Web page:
Goldman Sachs – Battling Climate Change Will Cost Trillions. Wall Street Is Paying Attention.
A bold vision of retooling the global economy to combat climate change will have to be matched by massive amounts of investment.
The cost of renewable products from wind turbines to electric-vehicle batteries is rapidly falling, consumers are getting more vocal, and voters are pressuring the government. Major investors such as
(ticker: BLK) are also raising the stakes, putting climate change at the center of their strategies.
chief executive and Treasury secretary, said the tone of his conversations with corporate chiefs has changed recently.
“CEOs see that markets are moving and that there’s going to be a massive change,” Paulson said during a webchat Thursday sponsored by the Economic Club of New York.
He compared the current moment to the days when cellular phone technology was emerging to challenge long-dominant landline giants. “There’s massive change coming, and we’re going to rewire society,” Paulson said. “There’s some real momentum.”
Gates-backed lithium battery maker
(QS) recently launched an initial public offering that has drawn praise from Wall Street analysts, though its shares are down 4% this year. The
which closed above 4000 for the first time on Thursday, is up 7% this year.
Another Gates-based company, the security firm Evolv, said last month it would go public through a blank-check company merger. Gates said more of his investments could go public through blank check companies “if the capital markets are willing.”
Paulson runs private-equity firm TPG’s Rise Climate fund, a platform to focus on investments in combating climate change. More money from the private-equity community could also come to bear, he said.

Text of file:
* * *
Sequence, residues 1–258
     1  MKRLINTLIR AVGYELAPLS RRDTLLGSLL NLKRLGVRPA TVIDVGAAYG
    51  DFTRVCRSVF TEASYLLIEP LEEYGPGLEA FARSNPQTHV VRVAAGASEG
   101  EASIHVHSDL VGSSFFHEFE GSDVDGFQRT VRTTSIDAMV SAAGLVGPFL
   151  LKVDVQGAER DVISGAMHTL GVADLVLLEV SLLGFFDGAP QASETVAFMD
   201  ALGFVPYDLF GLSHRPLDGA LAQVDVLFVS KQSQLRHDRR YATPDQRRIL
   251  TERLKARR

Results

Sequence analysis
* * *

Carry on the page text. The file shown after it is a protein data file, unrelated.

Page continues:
He sees it as a generational opportunity. “I’m hoping and believe that it’ll pave the way for much more capital to come,” he said.
The amount of money needed is staggering. Earlier this week
estimated $140 trillion of investments will be spent on decarbonizing the energy supply by 2050, and that’s just one part of a global effort to get to zero emissions.
On Wednesday, President
outlined his $2 trillion plan to rebuild the nation’s infrastructure, promising hundreds of thousands of new jobs in clean energy, electric vehicles, and bridge and highway construction.
His proposals counter the arguments of those who say shifting from a reliance on fossil fuels to more eco-friendly sources of power will kill American jobs.
Still, there is plenty of skepticism whether Biden’s initiative will create the jobs he has promised. The automotive sector, for example, is preparing for an all-electric world. Biden’s plan includes $174 billion to the industry to build electric cars, but this process requires less human labor.
Workers in the fossil-fuel industry also face upheaval as the world moves toward solar, wind, and other renewable resources.
Gates, author of the current New York Times bestseller How to Avoid a Climate Disaster, said Thursday some progress is already in motion.
Food producers are working on lower or zero-emission plant-based meat alternatives, such as
(BYND) and closely held Impossible Foods. Changing consumer habits will lead to less consumption of meat, cutting animal emissions.
There’s more to do in the industrial sector, where steelmakers and other companies are more entrenched in century-old practices.
Still, Gates said, innovation means there’s hope. “This year the interest in climate and the discussion has achieved a whole new level,” he said.
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